China said Friday that it was ready to talk to Japan over an increasingly heated maritime row, but only if Tokyo declares the islands to be disputed.
Foreign Minister Wang Yi faced questions about ties with the U.S. ally during a visit to Washington, where he called for mutual respect in relations between the United States and a growing China.
Wang laid blame for tensions on Japan, which in September 2012 nationalised the islands, known as the Senkakus in Japanese and as the Diaoyus in Chinese.
“In spite of this, we are still ready to sit down and have a dialogue with the Japanese to work out jointly a way to manage the current situation,” Wang said at the Brookings Institution.
“But first, Japan needs to recognize that there is such a dispute. The whole world knows that there is a dispute,” he added.
“I believe there will be a day when the Japanese come back to the table of dialogue.”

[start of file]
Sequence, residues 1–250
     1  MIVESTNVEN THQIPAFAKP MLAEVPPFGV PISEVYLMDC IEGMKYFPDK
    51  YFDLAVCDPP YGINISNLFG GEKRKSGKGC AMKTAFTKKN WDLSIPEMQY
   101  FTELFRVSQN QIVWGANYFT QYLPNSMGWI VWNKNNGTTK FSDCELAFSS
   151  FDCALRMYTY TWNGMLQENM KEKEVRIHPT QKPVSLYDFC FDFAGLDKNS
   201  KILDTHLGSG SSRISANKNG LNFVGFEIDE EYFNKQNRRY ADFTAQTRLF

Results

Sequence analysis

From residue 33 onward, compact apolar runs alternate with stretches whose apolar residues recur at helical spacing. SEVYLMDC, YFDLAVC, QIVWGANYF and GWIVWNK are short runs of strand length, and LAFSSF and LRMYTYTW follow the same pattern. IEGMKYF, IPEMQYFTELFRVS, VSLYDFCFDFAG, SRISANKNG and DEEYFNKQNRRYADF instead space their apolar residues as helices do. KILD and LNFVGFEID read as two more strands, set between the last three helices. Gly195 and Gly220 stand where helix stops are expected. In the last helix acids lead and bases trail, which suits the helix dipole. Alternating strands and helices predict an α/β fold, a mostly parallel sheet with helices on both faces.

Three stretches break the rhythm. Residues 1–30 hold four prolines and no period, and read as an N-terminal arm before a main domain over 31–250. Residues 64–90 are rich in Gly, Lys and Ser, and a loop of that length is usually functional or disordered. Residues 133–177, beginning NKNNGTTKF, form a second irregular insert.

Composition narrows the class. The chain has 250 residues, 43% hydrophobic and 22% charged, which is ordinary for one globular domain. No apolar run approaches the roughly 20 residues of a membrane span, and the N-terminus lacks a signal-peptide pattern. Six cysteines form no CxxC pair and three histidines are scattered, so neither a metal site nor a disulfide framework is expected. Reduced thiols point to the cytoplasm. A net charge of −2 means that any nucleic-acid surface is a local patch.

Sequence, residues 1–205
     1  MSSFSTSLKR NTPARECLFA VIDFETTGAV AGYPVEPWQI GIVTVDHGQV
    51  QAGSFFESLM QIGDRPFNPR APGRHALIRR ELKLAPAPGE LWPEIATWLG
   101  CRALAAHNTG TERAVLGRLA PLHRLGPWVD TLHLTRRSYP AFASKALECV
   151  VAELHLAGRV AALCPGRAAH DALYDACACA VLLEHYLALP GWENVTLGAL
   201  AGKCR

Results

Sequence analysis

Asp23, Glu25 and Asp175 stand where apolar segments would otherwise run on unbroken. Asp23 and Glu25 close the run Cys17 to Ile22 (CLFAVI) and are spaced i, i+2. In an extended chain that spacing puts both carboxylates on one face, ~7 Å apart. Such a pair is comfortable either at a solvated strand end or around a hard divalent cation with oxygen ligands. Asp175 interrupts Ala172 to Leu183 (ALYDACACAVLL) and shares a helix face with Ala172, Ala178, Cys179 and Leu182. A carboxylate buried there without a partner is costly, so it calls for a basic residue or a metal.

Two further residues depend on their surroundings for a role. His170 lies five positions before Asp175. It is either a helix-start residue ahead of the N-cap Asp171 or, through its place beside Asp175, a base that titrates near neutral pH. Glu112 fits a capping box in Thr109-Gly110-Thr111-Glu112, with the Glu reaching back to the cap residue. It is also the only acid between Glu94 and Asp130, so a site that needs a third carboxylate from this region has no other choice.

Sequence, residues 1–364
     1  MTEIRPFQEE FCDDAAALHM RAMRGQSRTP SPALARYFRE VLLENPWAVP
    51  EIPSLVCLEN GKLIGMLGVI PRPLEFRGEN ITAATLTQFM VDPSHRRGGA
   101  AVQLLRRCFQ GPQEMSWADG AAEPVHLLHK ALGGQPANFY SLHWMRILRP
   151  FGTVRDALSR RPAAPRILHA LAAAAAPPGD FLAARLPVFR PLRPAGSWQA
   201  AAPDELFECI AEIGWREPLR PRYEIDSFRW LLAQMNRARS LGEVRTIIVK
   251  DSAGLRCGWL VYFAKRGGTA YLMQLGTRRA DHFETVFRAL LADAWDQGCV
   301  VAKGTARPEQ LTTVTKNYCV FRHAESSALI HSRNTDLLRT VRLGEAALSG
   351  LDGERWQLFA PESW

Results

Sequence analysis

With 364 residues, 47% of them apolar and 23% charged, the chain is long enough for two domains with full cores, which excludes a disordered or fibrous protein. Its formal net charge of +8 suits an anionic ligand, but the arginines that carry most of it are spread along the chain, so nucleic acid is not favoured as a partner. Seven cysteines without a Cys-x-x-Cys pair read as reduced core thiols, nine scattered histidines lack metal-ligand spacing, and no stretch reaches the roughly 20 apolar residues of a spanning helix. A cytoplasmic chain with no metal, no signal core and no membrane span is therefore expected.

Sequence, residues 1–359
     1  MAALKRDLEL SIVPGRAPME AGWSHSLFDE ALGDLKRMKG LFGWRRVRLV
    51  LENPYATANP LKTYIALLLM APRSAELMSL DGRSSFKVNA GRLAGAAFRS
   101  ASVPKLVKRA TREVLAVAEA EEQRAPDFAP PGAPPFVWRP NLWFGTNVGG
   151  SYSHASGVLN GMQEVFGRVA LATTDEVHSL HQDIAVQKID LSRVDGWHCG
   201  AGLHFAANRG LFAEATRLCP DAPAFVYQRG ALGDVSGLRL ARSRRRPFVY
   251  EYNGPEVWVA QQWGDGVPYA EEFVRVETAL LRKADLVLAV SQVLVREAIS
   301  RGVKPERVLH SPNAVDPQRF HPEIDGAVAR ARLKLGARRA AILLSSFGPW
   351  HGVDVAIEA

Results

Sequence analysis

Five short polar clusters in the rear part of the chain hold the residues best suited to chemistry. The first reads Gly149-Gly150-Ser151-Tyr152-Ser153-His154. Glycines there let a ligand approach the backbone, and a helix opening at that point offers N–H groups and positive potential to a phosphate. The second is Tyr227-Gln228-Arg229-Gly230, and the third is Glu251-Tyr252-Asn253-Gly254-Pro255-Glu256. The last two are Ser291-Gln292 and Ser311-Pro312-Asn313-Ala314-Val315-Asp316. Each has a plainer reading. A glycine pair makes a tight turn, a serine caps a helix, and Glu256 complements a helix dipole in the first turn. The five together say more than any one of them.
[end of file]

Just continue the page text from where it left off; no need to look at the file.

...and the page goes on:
Japan contends that China has no historical basis to claim the islands and charges that Beijing is trying to stake a claim through military intimidation.
Japan’s coast guard reported Thursday that two Chinese ships entered waters near the islands in the latest such incursion in the potentially energy-rich area.
Japanese Prime Minister Shinzo Abe, meeting briefly this month with Chinese President Xi Jinping on the sidelines of a G20 summit in Russia, called for an improvement in relations between Asia’s two largest economies.
But the conservative prime minister has also pledged a firm line on defending sovereignty and has moved to step up officially pacifist Japan’s defense spending and cooperation with the United States.
A previous Japanese government said it bought the islands from private owners to ward off a more provocative plan by outspoken nationalist Shintaro Ishihara, who then headed Tokyo’s metropolitan government.